Since 26 September, mysterious leaks have appeared in the underwater Nord Stream gas pipelines — which run from Russia to Germany — close to the Danish island of Bornholm in the Baltic Sea. Given the tense energy situation between Russia and the West following Russia’s invasion of Ukraine, a real-life geopolitical whodunit has ensued, with NATO now among those attributing the leaks to sabotage. Seismologists picked up data that might help to pinpoint the cause of the leaks, and other researchers are trying to work out how much methane — a potent greenhouse gas — will be released as a result.
Overnight on 26 September, the Nord Stream 2 pipeline’s operators saw a sudden pressure drop, from 105 bar (which is 105 times atmospheric pressure) to just 7 bar. Soon after, a 1-kilometre-wide area of the Baltic Sea’s surface was bubbling with the escaping gas.
The Nord Stream 2 pipeline is currently not operational and its certification process was halted after Russia invaded Ukraine in February. But it is still full of gas, which is assumed to be around 90% methane. The drop in pressure prompted seismologists to look more closely at their data, says Björn Lund at Uppsala University, Sweden. The attention on seismology data has made for an extraordinary week. “I’ve never experienced anything like it,” says Lund, adding that his network detected seismic activity at the same time as the leak that is consistent with explosions, not earthquakes — which have a different seismic fingerprint.
The events have also put the climate community on alert. When Andrew Baxter, once an engineer in the oil and gas industry, now the director of energy transition at the Environmental Defense Fund, based in New York City, heard about the leak in Nord Stream 2, he “switched back into engineering mode” to try to quantify the resulting methane release. “I came up with a very rough estimate, there are so many variables and unknowns here, it’s very difficult to definitively say how much methane has made it into the atmosphere,” he says.
Baxter estimated that 115,000 tonnes of methane had probably been released during the initial sudden pressure drop in Nord Stream 2, on the basis of the pipe’s dimensions and the water temperature. Per unit mass, methane has a much more potent greenhouse effect than carbon dioxide — particularly in the short term. Baxter says the overall impact of this leak is equivalent to the annual carbon emissions from two million cars.
“If these numbers end up being confirmed, it would be the one of the largest single leaks of natural gas in history in a single location,” says Zeke Hausfather, a climate scientist at Berkeley Earth, a data-analysis non-profit organization in California. But he adds that this doesn’t fundamentally change the magnitude of global emissions.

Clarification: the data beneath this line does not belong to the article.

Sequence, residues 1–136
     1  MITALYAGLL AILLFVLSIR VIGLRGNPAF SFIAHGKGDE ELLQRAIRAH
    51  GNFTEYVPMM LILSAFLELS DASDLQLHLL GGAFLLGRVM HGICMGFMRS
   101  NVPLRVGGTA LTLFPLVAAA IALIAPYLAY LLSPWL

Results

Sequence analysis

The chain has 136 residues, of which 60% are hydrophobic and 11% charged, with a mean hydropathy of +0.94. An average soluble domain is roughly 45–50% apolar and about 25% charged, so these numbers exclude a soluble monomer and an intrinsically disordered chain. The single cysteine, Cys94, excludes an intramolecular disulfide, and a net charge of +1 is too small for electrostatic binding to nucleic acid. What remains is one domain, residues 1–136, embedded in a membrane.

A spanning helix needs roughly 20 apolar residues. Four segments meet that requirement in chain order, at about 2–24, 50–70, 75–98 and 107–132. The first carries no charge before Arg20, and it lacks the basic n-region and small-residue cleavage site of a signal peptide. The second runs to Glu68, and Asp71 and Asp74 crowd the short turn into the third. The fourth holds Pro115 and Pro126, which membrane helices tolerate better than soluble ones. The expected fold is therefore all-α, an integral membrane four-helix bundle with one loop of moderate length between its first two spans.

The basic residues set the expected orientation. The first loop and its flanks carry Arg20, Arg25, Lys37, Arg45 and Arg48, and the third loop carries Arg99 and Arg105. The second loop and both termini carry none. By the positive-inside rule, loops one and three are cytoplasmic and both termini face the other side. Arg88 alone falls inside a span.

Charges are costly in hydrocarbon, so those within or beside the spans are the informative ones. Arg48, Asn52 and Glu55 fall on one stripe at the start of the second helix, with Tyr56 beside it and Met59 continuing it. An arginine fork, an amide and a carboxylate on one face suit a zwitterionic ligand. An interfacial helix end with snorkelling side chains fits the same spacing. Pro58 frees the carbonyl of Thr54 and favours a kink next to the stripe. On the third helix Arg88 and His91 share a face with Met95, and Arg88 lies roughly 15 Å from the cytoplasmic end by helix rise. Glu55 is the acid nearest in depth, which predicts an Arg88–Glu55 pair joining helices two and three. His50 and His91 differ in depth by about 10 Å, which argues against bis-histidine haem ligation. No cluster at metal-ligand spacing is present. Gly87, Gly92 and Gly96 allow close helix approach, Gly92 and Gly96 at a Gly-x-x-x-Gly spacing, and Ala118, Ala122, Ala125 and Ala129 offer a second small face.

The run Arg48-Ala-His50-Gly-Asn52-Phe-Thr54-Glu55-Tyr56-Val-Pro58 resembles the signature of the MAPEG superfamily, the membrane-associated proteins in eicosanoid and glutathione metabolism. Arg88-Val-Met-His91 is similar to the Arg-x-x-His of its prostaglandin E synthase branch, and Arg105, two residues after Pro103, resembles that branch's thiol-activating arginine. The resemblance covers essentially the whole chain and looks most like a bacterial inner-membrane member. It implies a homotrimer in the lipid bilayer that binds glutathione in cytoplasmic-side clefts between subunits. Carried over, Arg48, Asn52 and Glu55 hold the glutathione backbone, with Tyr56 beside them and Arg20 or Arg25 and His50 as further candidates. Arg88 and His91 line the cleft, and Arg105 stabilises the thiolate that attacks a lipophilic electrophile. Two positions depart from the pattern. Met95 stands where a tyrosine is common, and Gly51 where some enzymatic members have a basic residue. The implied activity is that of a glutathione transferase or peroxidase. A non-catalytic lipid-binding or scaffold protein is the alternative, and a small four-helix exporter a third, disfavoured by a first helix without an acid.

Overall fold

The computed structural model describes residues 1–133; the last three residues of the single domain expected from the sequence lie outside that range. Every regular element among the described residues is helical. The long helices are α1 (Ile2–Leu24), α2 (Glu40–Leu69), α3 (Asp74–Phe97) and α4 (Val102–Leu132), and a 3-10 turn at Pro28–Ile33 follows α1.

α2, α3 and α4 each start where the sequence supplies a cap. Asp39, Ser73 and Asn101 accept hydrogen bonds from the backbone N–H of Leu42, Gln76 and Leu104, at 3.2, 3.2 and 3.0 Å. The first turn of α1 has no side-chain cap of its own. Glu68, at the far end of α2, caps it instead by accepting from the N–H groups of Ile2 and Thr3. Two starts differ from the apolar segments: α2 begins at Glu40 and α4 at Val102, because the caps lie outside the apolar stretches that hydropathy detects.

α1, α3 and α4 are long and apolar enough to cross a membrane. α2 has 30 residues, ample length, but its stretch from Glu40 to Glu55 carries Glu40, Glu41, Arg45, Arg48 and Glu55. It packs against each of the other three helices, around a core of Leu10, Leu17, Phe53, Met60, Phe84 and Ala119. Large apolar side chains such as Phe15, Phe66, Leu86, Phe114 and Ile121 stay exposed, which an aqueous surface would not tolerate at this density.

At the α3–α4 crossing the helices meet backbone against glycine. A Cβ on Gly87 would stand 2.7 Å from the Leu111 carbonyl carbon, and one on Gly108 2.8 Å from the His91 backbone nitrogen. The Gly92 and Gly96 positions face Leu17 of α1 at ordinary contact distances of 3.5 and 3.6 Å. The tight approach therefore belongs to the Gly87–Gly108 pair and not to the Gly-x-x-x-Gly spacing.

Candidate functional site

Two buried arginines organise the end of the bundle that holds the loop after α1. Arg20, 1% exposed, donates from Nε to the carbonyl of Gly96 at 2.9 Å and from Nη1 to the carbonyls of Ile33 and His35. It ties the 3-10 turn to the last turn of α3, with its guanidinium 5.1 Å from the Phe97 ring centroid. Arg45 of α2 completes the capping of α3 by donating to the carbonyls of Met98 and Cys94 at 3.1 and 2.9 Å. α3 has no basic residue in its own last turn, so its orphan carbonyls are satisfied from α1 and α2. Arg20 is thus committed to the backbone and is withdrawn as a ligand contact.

The event, although huge, accounts for around 0.14% of the global annual methane emissions from the oil and gas industry, says Mark Davis, chief executive of Capterio, a company in London that tracks gas flares from industry, but which didn’t detect the vented gas because it isn’t burning. He argues that, once the leak was discovered, setting it alight could have mitigated much of the damage, by converting the methane to carbon dioxide. Since the initial pressure drop in Nord Stream 2, leaks have also been reported in the Nord Stream 1 pipeline, which runs alongside it and is also currently not operational.
Measuring precisely how much methane has been emitted is going to take time. Efforts so far have been hampered by the quirks of geography and bad luck. The public satellites that environmental observations rely on were not facing the right way at the time, says Itziar Irakulis-Loitxate at Valencia Polytechnic University, Spain, who uses satellite data to measure atmospheric methane levels. And the cloud cover common at the northern latitudes meant that it was almost impossible to get any data. That is on top an inherent challenge in monitoring methane over water: water absorbs most of the sunlight and masks any signal from methane in a spectrometer.
The methane spike was detected from the ground by at least one observatory: the Swedish station of the European Integrated Carbon Observation System project at Hyltemossa.
In the coming days and weeks, scientists will continue to try to understand how much methane has been released as a result of the leaks. Seismologists might also be able to help to determine how the pipes were ruptured. By comparing the seismic data they collected on the Nord Stream explosions with that from previous naval blasts, Lund and his team already suspect TNT.
Lund and his colleagues are scrambling to work out from their seismic data exactly how many blasts occurred, but he notes that the complex geology of Earth’s crust in the region between Denmark and Sweden makes it hard. “There’s a very big change in the thickness of the crust of the rock material,” he says.